Home & Garden
Great Southern Spaces
We’ve asked some of the South’s most stylish folks to give us a tour of their favorite rooms
photo: Joey and Jessica
Laurie Durden, Landscape Architect
Charlotte, North Carolina
From the Confederate jasmine–covered white trellis to the ivy-lined steps to the parade of potted plants, it’s hard to tell where the Charlotte, North Carolina, landscape architect Laurie Durden’s garden stops and her porch begins. This knack for connecting houses to the land that surrounds them has become her calling card among her clients across the Old North State.
photo: Brie Williams
“The magic of my porch is that it’s neither inside nor outside,” she says. “It’s a place where the two are one and the same.” In the early morning, Durden’s porch serves as her informal office, where she makes her first flurry of workday phone calls, sketchbook in hand. A far cry from her former Manhattan existence, where she spent four years working for Robert A.M. Stern Architects, it’s a welcoming and well-appointed spot complete with wicker furniture, a haint blue ceiling, and good books always close at hand. “I love my books and am constantly referring to them as a resource,” she says. Durden is also an avid antiquer. She found the two faux-bamboo metal tables at an estate sale, and the faux-bois mirror at a shop in Palm Beach, Florida.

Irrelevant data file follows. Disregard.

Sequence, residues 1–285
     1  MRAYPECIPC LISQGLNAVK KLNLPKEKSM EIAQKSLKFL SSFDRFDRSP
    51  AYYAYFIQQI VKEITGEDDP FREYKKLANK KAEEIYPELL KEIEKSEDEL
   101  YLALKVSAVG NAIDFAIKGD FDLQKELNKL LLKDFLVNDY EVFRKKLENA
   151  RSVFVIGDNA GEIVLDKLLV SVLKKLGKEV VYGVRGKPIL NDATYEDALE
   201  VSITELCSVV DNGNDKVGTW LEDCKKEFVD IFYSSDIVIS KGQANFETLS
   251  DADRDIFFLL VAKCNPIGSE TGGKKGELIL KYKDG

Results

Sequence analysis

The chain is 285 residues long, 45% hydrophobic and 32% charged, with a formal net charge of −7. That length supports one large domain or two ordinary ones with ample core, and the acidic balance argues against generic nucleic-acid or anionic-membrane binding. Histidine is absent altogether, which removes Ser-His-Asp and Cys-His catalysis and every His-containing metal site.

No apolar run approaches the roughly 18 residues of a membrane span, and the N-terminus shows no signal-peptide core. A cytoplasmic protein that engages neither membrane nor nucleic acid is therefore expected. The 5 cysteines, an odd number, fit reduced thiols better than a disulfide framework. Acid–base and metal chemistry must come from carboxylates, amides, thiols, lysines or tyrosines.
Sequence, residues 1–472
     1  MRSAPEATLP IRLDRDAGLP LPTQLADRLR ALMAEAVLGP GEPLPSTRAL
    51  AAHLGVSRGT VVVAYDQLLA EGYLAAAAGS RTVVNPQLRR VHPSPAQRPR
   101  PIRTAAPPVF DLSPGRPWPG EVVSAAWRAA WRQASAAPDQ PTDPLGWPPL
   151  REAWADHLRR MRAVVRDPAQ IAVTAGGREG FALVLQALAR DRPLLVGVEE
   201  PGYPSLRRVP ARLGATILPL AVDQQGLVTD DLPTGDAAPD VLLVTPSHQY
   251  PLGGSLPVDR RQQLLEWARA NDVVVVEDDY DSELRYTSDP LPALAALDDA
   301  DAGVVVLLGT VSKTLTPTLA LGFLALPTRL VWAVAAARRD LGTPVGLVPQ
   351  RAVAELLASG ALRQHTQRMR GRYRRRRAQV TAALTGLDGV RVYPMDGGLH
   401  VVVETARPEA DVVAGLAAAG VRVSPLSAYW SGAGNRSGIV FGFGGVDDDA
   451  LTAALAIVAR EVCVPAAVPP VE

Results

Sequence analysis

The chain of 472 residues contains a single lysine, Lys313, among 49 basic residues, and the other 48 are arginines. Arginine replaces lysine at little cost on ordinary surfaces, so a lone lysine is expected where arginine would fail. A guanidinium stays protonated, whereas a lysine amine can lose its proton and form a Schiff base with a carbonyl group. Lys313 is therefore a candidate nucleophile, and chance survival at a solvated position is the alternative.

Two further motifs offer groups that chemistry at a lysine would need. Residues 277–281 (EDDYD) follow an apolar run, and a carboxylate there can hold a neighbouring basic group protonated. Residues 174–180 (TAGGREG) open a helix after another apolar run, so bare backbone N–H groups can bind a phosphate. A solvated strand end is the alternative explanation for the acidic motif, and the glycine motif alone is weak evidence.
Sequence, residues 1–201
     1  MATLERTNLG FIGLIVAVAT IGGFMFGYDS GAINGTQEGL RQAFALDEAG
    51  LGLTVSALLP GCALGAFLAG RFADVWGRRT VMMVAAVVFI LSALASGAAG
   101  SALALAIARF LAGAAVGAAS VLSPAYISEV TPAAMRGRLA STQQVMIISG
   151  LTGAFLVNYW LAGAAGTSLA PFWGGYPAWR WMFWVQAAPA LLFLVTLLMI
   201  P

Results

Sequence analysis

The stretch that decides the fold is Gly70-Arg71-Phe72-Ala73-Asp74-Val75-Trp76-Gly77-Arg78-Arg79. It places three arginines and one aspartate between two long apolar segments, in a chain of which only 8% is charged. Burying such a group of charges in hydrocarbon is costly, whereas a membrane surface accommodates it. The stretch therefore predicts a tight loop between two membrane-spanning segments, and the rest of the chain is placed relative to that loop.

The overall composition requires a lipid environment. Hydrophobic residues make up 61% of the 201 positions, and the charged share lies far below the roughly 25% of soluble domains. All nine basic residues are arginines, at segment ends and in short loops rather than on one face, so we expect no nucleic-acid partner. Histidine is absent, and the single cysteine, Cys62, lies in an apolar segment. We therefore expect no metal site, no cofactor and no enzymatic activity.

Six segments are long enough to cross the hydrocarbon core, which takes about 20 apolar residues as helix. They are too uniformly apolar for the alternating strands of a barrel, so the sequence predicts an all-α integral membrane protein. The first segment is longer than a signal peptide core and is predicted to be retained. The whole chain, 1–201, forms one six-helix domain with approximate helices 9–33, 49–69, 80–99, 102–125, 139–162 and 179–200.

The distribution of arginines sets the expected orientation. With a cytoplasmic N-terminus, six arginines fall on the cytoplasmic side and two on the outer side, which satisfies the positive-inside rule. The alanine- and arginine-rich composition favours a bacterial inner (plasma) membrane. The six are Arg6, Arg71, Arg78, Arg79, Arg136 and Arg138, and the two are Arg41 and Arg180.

Evenings on the porch are Durden’s favorite. Once the kids are home from soccer and dinner is on the stove, she can relax and look out on the garden she’s created in her own backyard. “At dusk,” she says, “when the prevailing breezes start to change, the scents from the jasmine, gardenias, lilies, and magnolias are intoxicating.”
Anne Quatrano, Chef and Restaurateur
When Anne Quatrano needed to fine-tune recipes for her new cookbook, Summerland: Recipes for Celebrating with Southern Hospitality, she did so in the kitchen of her Georgia farmhouse. Which is only fitting, considering the book is named after the Atlanta chef and restaurateur’s ancestral family farm, just forty-five miles outside of the city but a world away from its hustle and bustle.